The Missouri General Assembly has set a precedent that could have dire consequences for counties and cities across the state by passing a bill forbidding local regulation of concentrated animal feeding operations.
With his signature, Gov. Mike Parson will strike down CAFO zoning and similar regulations in at least 20 counties that have implemented such ordinances.
The argument for removing local protections is to provide a consistent regulatory structure throughout Missouri. The move makes it easier for these factory farms to locate and expand near the places you live.
The decision may be coincidental to the influence of the hundreds of thousands of dollars big agribusiness companies funnel into politicians’ campaign war chests and the influence of agriculture trade groups that serve the corporate agriculture interests with the deepest pockets, but we don’t think so. The fact that Smithfield Foods — the world’s largest pork producer and a wholly owned subsidiary of WH Group of China — gave $77,000 to gubernatorial candidates in the 2016 contest and about $50,000 in other races at the least prompted lawmakers’ favorable attention.
This bill casts aside the idea that local voters and officials best know how to protect residents of their communities in favor of promoting an industry that creates massive concentrations of animal waste that threaten ground and surface waters, mar the landscape, breed clouds of flies and just plain reek.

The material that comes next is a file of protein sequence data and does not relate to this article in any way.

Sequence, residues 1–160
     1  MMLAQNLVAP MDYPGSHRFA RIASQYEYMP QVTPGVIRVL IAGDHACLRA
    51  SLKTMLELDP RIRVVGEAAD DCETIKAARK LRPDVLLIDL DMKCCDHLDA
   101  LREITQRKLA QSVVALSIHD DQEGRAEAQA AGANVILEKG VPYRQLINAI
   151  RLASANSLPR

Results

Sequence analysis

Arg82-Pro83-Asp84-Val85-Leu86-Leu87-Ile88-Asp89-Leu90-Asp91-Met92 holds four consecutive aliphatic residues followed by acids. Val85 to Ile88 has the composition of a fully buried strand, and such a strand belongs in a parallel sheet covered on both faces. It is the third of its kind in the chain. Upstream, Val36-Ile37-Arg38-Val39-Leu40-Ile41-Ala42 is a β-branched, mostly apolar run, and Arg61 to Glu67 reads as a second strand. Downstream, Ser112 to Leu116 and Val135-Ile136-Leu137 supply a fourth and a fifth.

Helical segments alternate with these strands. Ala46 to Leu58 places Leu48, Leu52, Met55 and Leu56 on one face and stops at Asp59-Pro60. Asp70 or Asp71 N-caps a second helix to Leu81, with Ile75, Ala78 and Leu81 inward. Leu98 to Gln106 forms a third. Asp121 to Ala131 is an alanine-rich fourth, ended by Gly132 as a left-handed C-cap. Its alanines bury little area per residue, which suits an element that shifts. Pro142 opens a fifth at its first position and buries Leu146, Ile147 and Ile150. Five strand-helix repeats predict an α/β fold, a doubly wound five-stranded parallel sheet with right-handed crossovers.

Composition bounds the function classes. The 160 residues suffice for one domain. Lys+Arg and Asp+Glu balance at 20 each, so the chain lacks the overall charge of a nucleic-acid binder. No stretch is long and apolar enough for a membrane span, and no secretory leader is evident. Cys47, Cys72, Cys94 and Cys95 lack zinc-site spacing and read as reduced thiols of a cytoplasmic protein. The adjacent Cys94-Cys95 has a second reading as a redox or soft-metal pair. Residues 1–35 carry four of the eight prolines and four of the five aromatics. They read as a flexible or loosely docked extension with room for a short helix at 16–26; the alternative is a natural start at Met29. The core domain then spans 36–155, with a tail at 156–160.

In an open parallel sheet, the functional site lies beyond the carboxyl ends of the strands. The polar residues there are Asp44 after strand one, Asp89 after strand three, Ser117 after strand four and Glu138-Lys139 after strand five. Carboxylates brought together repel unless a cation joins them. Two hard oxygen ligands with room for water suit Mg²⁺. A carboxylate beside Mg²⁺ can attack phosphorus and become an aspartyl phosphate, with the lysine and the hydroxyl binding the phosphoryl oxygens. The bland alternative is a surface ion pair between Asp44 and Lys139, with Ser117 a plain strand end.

CAFO operations have lost multiple large-scale lawsuits in the South recently, so the companies are strongly motivated to expand our way looking for a favorable regulatory environment. And they don’t want their neighbors to have anything to say about it.
This precedent is troubling for Joplin and Jasper County given that we have our own corporate stinkers that have prompted public outcry. The city of Joplin is seeking a way to fend off foul odors in the wake of numerous complaints about the stench in the city. Multiple manufacturers have been cited by the Missouri Department of Natural Resource and have been the targets of residents’ and visitors’ complaints.
The city can address the odor complaints under nuisance provisions. Better, City Council members could craft an ordinance that is specific, fair and enforceable to confront the issue. But that would all be meaningless if state lawmakers apply the same principle as the new CAFO bill, overriding local zoning and ordinances in order to favor manufacturers to the detriment of those who live, work, shop and eat nearby. Taken to its extreme, this approach could saddle any portion of the city or county with industries that would create noise, odor, pollution or other problems without regard to their effect on residents, cities or counties.
We smell trouble coming from the Legislature’s bad move.